International Patent Insights on Quantum Computing

See how the international quantum computing patents are evolving.
Marks & Clerk

The European Patent Office (EPO) have released their latest patent insight report, this time reporting on the trends in patent filings for quantum computing.

This report joins previously published quantum-focused reports on quantum sensing and meteorology (2019), and quantum space technologies (2021).

The EPO research has uncovered some interesting findings:

  • Patent applications across all fields of quantum computing are rising significantly. This rise is not only ahead of the generally observed increase for all fields of technology, but appears to also be reflected in important sub-fields of quantum computing: physical realisations of quantum hardware; quantum error correction; and quantum and artificial intelligence/machine learning.
  • There is a strong international element to innovation in quantum technologies. Patent applicants come from all continents, and the above average numbers of international applications filed under the Patent Co-operation Treaty (PCT) suggest an interest in a multi-national commercialisation strategy.

The report should be viewed in context of an exciting time in the quantum world.

Within the last decade, there has been significant interest from investors willing to take a chance on quantum. As reported from research by McKinsey & Company, start-up activity and investment in quantum tech have skyrocketed since 2015, with billions of dollars in investment expected in the coming years.

This investment comes alongside impressive advances in the field of quantum computing – quantum computers have evolved from a handful of qubits to large qubit arrays of hundreds of qubits (with the promise for thousands in the near future). Other teams have developed innovative qubit technologies that allow for impressive scaling of qubit assemblies, and, as recently reported in Nature, a team at the University of Sussex and Universal Quantum have demonstrated transfer of data from across quantum bits on different quantum microchips. Google have also reported a breakthrough in reducing the quantum bit error rate (QBER), the mitigation of which is an essential step to realising a practical large-scale commercial quantum computer.

To the extent to which patent filings in a field of technology can be reflective of a corresponding market growth, the findings are welcome news indeed. The uptick in patent activity in quantum technologies indicates not only the strength of innovation worldwide (as supported by the examples above), but also that actors in the field are taking commercialisation seriously and are contemplating maturation of a still nascent technology. With private investor and government funding continuing to rise, we can expect even further increases in patent applications in the years ahead.

Of particular interest is the findings regarding applications toward the union of quantum and artificial intelligence. The EPO reports that patent filings in this area shows an even greater momentum than in applications toward physical realisations of quantum computing and quantum bit error rate technologies. Similar observations of growth in patent filings toward other applications of quantum technology can be made from the EPO’s other recent reports (see the insights on space-based quantum and quantum meteorology and sensing).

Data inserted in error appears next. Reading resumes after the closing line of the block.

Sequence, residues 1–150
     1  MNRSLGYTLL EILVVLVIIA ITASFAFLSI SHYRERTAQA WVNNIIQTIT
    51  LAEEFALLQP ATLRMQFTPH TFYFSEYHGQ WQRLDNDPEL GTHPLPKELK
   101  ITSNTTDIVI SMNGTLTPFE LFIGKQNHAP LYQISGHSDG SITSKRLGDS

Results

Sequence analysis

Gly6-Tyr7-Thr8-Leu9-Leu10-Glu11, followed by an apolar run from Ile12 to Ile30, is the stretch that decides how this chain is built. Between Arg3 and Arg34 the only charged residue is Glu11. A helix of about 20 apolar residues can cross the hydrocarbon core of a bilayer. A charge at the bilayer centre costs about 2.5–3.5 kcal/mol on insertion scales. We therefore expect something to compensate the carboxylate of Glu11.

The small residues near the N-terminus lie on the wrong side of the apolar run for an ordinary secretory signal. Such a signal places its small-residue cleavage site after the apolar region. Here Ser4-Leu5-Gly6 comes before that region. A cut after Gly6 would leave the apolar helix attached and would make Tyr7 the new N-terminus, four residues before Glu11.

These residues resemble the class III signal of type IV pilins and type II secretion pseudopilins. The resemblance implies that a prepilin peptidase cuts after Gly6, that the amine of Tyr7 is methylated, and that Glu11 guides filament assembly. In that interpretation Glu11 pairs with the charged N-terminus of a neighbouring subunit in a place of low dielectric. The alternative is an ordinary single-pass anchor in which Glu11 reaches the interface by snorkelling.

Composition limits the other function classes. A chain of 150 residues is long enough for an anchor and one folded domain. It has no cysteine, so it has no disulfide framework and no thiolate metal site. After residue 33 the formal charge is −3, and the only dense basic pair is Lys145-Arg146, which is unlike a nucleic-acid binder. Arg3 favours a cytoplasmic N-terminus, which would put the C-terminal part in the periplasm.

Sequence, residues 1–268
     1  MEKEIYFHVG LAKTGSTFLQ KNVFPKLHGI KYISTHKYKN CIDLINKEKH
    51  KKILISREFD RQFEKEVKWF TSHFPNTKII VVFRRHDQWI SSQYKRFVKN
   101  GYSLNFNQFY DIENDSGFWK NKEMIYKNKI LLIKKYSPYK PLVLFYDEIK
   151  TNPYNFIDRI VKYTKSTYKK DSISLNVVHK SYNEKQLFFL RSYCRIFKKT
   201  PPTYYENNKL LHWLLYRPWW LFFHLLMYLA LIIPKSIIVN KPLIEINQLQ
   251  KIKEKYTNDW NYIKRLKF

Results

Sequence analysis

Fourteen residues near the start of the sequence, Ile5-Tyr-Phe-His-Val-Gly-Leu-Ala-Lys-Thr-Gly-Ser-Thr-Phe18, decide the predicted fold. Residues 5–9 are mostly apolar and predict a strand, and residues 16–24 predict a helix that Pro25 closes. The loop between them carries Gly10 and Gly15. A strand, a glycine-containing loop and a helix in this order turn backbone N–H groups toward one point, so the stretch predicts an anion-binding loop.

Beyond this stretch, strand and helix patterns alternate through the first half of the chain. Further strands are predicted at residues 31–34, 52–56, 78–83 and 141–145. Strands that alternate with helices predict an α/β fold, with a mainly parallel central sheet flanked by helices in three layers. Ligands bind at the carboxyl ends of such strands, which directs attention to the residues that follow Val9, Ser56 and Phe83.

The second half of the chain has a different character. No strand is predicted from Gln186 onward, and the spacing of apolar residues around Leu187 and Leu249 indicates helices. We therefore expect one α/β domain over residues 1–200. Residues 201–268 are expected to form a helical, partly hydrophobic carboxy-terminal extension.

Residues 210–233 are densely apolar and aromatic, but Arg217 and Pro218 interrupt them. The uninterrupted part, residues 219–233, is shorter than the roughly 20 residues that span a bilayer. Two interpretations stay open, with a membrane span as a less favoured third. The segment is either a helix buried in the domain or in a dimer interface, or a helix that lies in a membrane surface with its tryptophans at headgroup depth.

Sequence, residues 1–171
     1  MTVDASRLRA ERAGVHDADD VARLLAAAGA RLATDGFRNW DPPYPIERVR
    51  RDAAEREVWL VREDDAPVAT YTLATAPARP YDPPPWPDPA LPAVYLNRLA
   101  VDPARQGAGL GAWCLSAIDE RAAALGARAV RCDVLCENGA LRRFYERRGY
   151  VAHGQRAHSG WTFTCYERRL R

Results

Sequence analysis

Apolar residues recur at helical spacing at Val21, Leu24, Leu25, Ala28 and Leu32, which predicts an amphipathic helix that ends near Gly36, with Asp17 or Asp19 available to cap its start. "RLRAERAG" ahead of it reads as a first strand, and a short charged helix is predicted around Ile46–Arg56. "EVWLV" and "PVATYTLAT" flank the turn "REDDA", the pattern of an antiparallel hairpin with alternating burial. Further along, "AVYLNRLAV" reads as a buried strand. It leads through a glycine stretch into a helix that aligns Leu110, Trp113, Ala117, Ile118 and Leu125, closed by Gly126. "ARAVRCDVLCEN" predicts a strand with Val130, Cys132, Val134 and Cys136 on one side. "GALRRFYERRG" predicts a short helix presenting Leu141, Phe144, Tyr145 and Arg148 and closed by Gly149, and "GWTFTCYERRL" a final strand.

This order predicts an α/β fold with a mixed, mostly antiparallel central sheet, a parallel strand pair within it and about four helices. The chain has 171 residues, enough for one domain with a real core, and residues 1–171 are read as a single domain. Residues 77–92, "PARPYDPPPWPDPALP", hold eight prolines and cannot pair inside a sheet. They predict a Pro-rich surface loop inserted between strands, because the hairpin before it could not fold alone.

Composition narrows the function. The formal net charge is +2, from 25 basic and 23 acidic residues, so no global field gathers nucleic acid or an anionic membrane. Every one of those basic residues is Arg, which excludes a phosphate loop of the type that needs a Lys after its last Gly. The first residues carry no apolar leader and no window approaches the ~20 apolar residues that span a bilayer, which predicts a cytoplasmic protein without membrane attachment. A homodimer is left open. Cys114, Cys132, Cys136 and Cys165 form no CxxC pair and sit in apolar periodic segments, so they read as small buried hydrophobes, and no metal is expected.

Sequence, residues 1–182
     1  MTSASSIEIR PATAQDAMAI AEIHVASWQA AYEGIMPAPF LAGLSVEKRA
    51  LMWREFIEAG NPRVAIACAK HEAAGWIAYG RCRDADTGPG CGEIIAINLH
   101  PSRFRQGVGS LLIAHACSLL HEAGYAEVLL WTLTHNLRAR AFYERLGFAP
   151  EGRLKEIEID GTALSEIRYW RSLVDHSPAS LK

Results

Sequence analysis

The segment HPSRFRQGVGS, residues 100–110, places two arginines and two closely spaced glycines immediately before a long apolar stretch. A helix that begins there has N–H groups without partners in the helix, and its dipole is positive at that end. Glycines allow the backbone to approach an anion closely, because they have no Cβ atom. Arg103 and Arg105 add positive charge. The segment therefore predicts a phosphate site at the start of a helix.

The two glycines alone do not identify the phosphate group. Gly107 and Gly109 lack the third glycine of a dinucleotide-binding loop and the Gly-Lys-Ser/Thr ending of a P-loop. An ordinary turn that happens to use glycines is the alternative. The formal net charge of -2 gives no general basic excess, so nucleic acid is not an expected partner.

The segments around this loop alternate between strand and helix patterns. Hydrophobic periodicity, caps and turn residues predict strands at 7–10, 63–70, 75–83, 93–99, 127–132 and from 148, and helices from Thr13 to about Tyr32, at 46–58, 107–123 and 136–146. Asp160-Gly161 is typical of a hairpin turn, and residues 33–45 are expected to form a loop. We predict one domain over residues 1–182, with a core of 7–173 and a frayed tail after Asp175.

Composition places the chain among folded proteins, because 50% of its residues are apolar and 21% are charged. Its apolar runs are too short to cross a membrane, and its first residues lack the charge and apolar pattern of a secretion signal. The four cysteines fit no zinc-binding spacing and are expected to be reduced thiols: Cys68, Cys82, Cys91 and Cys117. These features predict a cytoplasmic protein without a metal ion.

These results perhaps demonstrate a willingness of market actors to envision practical applications of the nascent quantum technologies alongside comparatively more mature fields such as AI or telecommunications.

With any nascent technology, barriers to effective commercialisation exist not only in implementing the technology practically, but also in the extent to which others are willing to adopt the technology. Patent applicant interest in applying quantum solutions alongside known technologies may help this breakthrough by bringing exposure to customers and vendors, thereby hastening commercial rewards.

Furthermore, while the data shows a consistently high proportion of US patent applications, there are still significant numbers of European, Japanese and Chinese applications. There is also a notable increase in PCT (international) applications. While a PCT application does not itself result in a granted patent, the application may serve as the basis for multiple applications in many different jurisdictions. Patent applicants usually file PCT applications instead of applications directly with national offices if they wish a certain degree of flexibility in their long-term international strategy. This increased interest in this type of patent application may indicate high economic expectations and a multinational commercialisation strategy. This observation is certainly in line with the increasing amount of international funding for quantum technologies.

Overall, the data aligns well with what we have been observing at Dead Cat Live Cat over recent years. Regular readers will remember that our website includes a regularly updated Patent Map, listing thousands of the most recently filed patent applications across the world – see here to browse.

The EPO clearly values the important role that quantum computing will one day play in society and the economy across the world. Their research into accurate classification of quantum technologies, and their commissioning of this report (and their announced future reports) is very welcome. This ongoing interest of the EPO should hopefully offer reassurance to innovators contemplating filing European patent applications as part of their international commercialisation strategy.

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